urban activities centered in clearly defined
"Downtowns." While the metropolitan
East Bay grew and changed over the years,
bus service adjustments were made gradually -- usually in response to localized
demands.

District Secretary post


Filled by Betty L. Wallis

Moving
from
the
southland

Betty L Wallis joined AC Transit as


District Secretary June 12 after wrapping
up prior duties as City Clerk of LaHabra
-the most recent position in Wallis' 16year career with southern California
municipalities.
She won the position on the basis of her
background in conducting official meetings, local elections, office management,
and the administration of business for
publicly elected officials.

For the first time since the 195 Os,


systematic changes are being made to
about 60 routes -- yielding a network
designed to better serve today's new shopping malls, residential areas, and burgeoning commercial, medical and educational
centers.
Instead of heading to or through downtown, more buses will be routed crosstown in an east-westlnorth-south grid. This
means that riders should be able to reach
most destinations with no more than one
transfer. As a result, riders can expect
either to make speedier cross-town trips
or (thanks to easier transfer connections)
to cover more miles in a given amount of
time.
In coming months, AC Transit will be
developing a family of user information
materials introducing the new CSP Phase
One service patterns and explaining to
riders how best to take advantage of them.
Plans for less dense suburban areas call
for having service fan out from transfer
centers -- much like the Timed Transfer
pattern established a year ago at BART
IHaywardstation. Though suburban densities may not support high-frequency bus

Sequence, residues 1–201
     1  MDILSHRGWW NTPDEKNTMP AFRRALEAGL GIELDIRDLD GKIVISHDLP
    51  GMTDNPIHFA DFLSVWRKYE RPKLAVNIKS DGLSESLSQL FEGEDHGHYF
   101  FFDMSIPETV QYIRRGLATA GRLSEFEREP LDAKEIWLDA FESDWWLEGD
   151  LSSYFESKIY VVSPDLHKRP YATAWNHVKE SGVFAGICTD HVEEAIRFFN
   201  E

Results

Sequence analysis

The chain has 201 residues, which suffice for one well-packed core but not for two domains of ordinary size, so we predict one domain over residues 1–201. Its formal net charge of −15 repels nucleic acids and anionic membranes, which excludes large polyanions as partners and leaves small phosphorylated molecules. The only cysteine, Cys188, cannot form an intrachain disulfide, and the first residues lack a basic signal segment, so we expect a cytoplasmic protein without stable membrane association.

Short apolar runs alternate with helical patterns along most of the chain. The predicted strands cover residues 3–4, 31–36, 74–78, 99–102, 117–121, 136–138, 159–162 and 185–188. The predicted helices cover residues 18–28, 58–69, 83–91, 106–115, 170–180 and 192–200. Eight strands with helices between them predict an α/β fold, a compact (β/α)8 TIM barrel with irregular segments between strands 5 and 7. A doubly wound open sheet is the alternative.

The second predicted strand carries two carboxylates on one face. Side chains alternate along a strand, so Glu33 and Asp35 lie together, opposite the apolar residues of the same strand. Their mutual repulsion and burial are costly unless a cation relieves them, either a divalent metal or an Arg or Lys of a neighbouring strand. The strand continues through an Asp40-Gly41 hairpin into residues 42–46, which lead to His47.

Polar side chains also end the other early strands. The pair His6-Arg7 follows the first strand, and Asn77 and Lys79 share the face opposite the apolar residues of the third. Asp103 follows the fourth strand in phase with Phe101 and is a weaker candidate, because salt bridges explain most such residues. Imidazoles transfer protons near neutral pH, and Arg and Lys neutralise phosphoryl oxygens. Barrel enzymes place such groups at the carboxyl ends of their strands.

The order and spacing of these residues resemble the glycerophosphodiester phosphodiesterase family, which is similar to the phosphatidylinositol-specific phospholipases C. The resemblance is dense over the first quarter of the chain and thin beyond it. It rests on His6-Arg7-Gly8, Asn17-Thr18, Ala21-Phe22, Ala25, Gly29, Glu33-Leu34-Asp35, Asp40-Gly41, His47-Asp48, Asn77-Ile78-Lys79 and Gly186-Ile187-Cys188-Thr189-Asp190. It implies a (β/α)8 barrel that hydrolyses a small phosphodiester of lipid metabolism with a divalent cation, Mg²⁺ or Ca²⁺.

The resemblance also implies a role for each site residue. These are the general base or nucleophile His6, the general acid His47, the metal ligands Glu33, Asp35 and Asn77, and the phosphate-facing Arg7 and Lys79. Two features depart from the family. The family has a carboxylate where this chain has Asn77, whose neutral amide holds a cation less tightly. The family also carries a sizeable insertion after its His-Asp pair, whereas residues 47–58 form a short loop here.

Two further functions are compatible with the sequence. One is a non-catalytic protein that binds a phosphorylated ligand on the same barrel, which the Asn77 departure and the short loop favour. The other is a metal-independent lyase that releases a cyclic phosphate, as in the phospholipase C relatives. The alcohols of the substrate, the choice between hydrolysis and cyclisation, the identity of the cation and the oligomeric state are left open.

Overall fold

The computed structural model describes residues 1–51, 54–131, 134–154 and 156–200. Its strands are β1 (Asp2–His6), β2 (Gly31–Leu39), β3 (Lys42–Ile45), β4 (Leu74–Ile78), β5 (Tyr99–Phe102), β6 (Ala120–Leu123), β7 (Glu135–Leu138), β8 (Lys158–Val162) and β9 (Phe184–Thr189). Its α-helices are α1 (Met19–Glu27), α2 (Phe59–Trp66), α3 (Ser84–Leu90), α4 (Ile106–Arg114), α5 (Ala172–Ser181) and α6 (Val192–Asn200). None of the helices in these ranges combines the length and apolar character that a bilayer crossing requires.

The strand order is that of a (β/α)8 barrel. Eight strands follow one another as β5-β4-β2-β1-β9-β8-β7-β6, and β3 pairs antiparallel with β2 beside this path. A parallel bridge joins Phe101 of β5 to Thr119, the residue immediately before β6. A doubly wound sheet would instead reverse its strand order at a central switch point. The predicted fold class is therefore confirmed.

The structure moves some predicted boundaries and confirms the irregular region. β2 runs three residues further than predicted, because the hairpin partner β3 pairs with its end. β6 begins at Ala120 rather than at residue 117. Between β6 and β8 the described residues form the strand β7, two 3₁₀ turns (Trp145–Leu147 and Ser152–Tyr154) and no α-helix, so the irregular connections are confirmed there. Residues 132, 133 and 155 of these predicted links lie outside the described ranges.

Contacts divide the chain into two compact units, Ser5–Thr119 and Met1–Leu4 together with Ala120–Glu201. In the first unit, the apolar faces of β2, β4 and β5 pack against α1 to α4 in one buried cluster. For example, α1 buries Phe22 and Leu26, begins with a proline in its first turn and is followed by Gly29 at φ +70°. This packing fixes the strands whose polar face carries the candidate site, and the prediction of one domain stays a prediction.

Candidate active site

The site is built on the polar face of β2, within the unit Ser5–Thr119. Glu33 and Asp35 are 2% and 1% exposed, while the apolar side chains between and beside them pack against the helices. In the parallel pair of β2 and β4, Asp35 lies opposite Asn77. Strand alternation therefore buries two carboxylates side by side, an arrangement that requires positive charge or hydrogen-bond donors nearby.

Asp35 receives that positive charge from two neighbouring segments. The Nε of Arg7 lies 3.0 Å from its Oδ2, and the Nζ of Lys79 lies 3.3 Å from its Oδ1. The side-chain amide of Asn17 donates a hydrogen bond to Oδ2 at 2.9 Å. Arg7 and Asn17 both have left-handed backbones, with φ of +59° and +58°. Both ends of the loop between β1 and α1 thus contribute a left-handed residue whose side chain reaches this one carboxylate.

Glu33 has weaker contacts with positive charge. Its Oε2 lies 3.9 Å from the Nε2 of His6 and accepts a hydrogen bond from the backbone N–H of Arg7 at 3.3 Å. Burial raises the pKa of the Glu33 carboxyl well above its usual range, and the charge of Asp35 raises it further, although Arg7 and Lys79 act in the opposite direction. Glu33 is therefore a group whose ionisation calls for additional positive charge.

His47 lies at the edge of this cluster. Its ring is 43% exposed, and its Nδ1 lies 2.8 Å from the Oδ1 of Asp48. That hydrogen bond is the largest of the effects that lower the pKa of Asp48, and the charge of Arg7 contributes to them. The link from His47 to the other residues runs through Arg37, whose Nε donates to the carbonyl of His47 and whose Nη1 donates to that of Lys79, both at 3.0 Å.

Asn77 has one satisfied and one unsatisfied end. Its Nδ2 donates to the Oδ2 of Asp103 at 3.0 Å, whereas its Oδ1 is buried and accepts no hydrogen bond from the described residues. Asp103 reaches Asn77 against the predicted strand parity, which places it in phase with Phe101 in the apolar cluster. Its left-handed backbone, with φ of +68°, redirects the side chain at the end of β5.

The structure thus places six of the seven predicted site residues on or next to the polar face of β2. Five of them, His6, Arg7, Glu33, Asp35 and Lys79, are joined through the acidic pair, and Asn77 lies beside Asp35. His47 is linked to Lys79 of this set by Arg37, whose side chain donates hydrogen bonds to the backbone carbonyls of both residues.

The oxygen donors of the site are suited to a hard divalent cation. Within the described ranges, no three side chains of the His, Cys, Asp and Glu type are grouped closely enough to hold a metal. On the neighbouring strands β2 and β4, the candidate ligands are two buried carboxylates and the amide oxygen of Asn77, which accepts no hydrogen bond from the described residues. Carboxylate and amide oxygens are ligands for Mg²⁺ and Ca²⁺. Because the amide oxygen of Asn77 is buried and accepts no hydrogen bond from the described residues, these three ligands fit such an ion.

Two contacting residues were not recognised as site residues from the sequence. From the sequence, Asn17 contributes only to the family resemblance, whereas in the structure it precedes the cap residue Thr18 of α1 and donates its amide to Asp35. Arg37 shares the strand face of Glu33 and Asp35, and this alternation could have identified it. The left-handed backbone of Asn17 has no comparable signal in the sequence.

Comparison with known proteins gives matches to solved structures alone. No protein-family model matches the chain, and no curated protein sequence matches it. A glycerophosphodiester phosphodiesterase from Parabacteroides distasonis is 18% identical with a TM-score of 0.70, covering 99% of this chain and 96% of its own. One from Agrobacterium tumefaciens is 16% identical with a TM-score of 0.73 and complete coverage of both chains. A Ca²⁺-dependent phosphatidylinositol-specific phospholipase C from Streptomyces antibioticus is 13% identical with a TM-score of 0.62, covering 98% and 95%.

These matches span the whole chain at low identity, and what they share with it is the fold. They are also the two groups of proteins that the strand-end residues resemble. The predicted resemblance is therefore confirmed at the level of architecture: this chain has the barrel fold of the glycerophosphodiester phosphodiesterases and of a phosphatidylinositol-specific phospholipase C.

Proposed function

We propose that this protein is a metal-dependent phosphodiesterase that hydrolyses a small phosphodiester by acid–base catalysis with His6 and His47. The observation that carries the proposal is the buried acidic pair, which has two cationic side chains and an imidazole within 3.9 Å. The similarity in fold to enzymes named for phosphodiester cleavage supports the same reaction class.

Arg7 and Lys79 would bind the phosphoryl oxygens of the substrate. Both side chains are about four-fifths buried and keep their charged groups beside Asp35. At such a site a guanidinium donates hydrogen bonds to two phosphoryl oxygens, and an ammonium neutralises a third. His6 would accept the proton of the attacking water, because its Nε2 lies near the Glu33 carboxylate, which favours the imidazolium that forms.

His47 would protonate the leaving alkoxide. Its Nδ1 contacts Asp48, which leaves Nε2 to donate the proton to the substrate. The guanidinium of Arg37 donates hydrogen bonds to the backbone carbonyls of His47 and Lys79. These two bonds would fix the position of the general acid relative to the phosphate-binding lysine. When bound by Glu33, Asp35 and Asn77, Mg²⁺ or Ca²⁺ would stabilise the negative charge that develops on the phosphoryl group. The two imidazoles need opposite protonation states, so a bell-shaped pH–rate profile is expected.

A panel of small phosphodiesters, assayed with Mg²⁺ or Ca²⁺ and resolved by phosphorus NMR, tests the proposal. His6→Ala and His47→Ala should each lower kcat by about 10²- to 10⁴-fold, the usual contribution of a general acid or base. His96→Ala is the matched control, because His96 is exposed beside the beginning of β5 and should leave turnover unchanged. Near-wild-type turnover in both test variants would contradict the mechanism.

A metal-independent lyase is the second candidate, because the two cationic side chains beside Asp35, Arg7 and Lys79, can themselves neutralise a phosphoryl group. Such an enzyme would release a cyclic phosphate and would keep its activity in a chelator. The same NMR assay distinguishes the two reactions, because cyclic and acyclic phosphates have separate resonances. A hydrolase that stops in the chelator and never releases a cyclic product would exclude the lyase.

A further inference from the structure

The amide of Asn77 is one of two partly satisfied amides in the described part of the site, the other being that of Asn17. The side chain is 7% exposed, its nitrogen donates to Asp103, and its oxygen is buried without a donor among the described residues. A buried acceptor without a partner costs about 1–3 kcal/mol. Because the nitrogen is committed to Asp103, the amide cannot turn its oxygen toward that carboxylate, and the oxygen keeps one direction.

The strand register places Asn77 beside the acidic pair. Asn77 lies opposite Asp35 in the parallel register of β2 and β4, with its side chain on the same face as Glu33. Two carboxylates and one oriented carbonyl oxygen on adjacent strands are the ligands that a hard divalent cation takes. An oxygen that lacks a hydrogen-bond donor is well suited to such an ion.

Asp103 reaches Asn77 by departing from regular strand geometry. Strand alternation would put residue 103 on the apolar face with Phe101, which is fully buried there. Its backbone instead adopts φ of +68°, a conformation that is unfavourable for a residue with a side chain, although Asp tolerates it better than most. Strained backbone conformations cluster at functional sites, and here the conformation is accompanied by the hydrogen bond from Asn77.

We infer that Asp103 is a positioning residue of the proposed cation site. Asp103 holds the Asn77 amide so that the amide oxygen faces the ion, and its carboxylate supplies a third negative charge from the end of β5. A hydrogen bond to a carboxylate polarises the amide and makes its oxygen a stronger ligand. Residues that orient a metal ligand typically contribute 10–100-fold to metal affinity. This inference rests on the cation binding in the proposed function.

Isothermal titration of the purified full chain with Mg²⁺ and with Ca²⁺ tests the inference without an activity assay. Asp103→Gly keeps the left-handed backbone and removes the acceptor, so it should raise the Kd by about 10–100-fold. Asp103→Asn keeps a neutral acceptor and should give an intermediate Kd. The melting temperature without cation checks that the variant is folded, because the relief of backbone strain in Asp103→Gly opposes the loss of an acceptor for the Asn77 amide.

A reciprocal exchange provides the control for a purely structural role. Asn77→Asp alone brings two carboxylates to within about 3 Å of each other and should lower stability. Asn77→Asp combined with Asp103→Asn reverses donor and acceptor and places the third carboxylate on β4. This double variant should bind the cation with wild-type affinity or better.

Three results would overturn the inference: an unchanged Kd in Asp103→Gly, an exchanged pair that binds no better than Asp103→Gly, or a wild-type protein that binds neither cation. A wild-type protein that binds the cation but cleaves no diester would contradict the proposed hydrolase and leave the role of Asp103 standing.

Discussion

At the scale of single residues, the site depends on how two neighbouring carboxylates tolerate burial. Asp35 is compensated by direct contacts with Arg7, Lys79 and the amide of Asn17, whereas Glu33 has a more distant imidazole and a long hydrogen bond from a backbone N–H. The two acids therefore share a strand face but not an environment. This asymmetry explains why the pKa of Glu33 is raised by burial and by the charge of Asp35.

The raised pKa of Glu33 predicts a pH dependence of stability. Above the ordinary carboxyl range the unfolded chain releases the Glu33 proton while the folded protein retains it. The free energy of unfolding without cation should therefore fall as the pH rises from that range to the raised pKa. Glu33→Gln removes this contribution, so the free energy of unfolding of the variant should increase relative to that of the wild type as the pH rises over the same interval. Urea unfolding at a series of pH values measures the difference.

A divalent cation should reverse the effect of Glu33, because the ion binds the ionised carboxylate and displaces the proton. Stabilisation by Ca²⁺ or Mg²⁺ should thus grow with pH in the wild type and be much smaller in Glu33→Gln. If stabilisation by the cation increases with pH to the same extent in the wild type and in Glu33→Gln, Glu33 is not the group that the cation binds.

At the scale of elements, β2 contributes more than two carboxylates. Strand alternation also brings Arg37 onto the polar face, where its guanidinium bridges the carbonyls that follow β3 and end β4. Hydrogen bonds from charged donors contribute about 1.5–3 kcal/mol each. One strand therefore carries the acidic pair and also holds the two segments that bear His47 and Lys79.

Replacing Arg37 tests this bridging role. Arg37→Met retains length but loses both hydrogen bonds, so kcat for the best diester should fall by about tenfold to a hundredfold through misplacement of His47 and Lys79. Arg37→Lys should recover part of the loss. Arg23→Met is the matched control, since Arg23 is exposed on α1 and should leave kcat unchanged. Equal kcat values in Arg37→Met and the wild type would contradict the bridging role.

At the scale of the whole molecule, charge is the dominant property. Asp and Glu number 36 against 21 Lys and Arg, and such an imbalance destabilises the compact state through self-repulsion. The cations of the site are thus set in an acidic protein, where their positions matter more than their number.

service, timed transfer connections -- buses
meeting at regular intervals before fanning
out into local neighborhoods -- yields
greatly speeded passenger trips.
The system-wide restructuring will be
introduced in stages beginning in early
1990. All of the 150 commute-hour routes
are scheduled to be revamped by 1993.
THE COVER - - A sleek new District
bus stopped outside the newest section of
downtown Oakland's burgeoning City
Center development: both elements typify
the dynamic, growing nature of the metropolitan East Bay as the 1990's come nearer.
This coach, and hundreds like it, will be
key elements in March, 1990, when AC
Transit introduces to East Bay streets Phase
One of the long-planned, publicly-discussed
Comprehensive Service Plan. Beginning
with service centered in the Oakland area,
the plan will dramatically streamline and
modernize bus routes and schedules to
better meet mobility needs of the 1990's
and of the new centurY bevond.

Special Assistant Program


Gives injured employees
Interim work alternatives
A new Special Assistant Program offe~s
a beneficial alternative to AC TransIt
workers who are injured on the job. Until
now, an injured employee's primary o~tion
has been to receive the legally-specIfied
disability indemnity rate until released by
a doctor to normal duty.
The new, better option permits those ~n
Industrial Injury but still able to work 10
some capacity to contribute to the .District's mission for up to 60 days 10 a
calendar year. In the process, special
assistants earn 80 percent of their regular